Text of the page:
Misa Chiavari, herself a mother of four, is one of many Italians who have quietly given a home to refugees over the years, La Repubblica reported.
“I welcomed desperate migrants, and today they are happy. They gave me joy,” she told the newspaper.
“I'm not looking for publicity, I just want to let people know that responding to the appeal for solidarity is a wonderful experience.”
Her story comes after Pope Francis on Sunday took his appeal against “the globalization of indifference” forward by asking every parish in Europe to open its doors to a refugee family, adding that the Vatican would lead by example.
That appeal was buoyed by last week's publication of the shocking image of a drowned Syrian toddler on a Turkish beach.
Citing official sources, Ansa reported on Tuesday that Italy's interior ministry had issued a circular to regional prefects asking them to host another 20,000 refugees, a request that is likely to stir up more tension in areas like Veneto and Lombardy, which have strongly opposed taking in more.
Chiavari described the young Iraqi and Afghans she hosted as her “extended family”.
She met them while teaching Italian to asylum seekers at the Astalli centre, which is run by the Jesuit Refugee Service (JRS) in Rome.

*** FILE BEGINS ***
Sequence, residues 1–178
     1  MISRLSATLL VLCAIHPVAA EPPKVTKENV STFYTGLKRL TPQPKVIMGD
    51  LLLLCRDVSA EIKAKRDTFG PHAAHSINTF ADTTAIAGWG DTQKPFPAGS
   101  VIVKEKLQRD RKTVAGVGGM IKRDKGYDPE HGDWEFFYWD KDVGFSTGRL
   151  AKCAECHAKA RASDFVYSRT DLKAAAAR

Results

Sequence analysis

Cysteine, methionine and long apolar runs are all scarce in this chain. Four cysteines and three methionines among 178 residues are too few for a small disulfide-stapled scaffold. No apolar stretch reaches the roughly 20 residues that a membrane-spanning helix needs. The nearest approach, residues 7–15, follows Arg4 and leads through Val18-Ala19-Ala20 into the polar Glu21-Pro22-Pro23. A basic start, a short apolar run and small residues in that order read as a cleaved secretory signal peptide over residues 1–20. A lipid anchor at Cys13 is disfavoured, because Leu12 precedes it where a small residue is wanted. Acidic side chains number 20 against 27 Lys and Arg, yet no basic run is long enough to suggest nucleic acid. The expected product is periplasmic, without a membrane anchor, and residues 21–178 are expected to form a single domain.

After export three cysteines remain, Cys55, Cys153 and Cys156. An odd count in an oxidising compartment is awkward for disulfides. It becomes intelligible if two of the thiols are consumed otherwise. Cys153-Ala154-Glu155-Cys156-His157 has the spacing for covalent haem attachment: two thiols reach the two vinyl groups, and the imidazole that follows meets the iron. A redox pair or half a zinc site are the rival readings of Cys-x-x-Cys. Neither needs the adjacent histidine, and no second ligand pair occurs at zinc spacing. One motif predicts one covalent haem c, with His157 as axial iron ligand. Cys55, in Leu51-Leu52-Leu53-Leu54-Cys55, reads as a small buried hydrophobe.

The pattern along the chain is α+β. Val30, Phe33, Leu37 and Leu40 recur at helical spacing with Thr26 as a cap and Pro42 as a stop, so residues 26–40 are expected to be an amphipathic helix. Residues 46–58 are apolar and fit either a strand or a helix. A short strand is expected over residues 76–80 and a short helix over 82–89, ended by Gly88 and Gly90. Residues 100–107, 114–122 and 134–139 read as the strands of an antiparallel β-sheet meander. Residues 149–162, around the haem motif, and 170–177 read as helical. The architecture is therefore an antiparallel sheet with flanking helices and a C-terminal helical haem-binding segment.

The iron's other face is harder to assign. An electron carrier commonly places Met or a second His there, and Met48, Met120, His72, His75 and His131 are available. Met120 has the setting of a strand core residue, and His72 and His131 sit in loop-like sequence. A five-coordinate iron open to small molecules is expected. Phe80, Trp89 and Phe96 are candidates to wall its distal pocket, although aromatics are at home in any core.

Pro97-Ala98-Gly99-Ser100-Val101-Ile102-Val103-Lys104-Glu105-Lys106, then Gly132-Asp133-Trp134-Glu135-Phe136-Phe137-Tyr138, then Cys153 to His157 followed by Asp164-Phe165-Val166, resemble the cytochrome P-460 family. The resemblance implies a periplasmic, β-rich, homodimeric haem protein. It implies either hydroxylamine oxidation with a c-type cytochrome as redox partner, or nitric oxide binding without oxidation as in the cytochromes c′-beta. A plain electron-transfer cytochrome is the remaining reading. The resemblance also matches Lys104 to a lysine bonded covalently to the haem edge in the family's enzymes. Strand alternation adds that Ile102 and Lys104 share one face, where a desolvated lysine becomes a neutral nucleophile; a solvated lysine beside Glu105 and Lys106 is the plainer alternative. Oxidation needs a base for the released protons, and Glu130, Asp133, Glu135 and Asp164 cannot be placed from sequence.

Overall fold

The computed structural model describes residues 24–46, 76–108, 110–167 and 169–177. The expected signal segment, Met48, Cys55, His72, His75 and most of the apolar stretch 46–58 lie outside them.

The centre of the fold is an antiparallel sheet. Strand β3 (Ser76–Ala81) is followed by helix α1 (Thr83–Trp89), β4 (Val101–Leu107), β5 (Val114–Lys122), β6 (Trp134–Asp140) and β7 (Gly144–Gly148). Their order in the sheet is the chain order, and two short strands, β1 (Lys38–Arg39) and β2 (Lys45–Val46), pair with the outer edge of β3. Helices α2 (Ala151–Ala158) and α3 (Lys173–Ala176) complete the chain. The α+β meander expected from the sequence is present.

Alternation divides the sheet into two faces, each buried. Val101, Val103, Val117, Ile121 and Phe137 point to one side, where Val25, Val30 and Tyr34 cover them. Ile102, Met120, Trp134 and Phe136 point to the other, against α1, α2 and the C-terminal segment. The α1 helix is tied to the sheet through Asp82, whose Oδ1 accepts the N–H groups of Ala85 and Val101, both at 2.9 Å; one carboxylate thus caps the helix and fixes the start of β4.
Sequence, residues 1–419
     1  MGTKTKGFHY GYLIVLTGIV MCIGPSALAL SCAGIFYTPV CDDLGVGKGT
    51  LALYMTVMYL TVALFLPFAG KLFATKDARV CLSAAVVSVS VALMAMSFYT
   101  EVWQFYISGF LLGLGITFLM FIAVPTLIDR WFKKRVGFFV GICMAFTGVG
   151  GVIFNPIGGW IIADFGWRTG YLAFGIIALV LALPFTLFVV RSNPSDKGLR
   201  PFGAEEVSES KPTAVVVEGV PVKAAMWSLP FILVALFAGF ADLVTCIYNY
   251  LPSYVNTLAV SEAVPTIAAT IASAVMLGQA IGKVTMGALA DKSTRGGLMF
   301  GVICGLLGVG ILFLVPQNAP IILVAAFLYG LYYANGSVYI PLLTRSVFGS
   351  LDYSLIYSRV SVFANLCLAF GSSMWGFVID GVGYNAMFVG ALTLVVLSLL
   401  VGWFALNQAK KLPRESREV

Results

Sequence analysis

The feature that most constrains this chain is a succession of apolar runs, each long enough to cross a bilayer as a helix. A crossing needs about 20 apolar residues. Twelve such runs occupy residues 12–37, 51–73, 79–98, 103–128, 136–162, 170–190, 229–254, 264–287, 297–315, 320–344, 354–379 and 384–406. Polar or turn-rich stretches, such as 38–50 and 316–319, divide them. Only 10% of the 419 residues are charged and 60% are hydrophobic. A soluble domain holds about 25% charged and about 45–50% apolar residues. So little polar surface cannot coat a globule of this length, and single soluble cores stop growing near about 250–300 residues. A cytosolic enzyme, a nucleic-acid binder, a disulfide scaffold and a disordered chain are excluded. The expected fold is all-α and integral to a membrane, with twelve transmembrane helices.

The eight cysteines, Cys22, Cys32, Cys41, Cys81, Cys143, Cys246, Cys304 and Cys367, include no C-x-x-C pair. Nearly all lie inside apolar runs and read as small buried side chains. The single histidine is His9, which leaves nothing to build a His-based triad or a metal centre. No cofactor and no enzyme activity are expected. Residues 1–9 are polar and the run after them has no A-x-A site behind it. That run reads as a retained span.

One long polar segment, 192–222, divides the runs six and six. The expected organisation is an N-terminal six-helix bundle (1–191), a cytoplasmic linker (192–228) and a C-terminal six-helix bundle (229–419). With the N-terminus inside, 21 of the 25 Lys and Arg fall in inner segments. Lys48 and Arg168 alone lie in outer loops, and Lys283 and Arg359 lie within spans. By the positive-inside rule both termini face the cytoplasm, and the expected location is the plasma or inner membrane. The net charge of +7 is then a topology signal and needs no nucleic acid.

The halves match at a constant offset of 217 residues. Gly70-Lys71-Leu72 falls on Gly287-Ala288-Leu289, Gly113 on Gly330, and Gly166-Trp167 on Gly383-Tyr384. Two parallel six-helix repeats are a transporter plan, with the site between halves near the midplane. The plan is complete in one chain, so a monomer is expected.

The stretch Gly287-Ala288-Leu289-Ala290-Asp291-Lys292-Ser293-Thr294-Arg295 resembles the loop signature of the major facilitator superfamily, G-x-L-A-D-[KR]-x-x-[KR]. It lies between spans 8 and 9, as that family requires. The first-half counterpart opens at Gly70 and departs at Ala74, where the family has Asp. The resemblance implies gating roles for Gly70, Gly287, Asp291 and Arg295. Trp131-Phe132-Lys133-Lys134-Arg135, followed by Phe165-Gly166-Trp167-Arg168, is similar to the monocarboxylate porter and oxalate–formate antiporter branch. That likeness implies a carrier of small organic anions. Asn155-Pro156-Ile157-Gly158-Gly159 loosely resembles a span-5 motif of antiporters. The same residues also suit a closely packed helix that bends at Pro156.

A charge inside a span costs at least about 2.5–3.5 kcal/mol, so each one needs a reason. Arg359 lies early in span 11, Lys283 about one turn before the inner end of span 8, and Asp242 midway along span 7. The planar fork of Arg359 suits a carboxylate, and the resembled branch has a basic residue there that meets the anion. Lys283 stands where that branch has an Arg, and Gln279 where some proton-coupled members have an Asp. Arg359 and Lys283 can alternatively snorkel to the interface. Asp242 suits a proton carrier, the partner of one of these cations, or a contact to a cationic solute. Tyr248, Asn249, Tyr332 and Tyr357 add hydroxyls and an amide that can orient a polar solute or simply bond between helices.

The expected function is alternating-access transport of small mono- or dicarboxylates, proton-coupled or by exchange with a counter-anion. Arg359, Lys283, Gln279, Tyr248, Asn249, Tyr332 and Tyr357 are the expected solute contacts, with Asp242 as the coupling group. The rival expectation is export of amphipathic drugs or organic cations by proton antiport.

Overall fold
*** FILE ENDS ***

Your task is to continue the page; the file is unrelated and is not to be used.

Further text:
Two of the refugees she hosted – Ali and Ismet - were sleeping rough at the capital's Ostiense station.
“In the winter, along with some other teachers, I went to the station and brought them to my home. There was no trouble and I wasn't fearful. In fact, they were more afraid of me. It took time to build trust and for them to tell me their stories.”
She said both men now have families and a job – one opened a pizzeria and the other became a carpenter.
“They come to see me, they bring their children, they call me mum,” she added.
“I got out of this experience far more than I put in.”
Refugee care costs the government up to €800 million per year, as it offers private individuals, companies and non-profit organizations up to €35 a day per person to host them.
From that figure, hosts must give a daily pocket money allowance of €2.50 each. Amici dei Bambini, a non-profit organization, said last week that 300 families had responded to a recent appeal for refugee hosts.
Hoteliers across the country have also become hosts, but not without staunch criticism from the anti-immigrant Northern League party.
Matteo Salvini, the party's leader, denounced those who had “to wait for landings at Lampedusa” in order to fill their hotel rooms.
Meanwhile, the owner of a hotel near Bergamo told police late last month that his 72 guests had received threats.
A day later, a Muslim mayor in the Tuscan seaside community of Monte Argentario provoked an outcry after refusing to accept any refugees, arguing that the town "doesn't have the facilities".
Read more: Muslim mayor refuses to take in refugees
More than 115,544 people have been rescued by Italian authorities from the Mediterranean so far this year.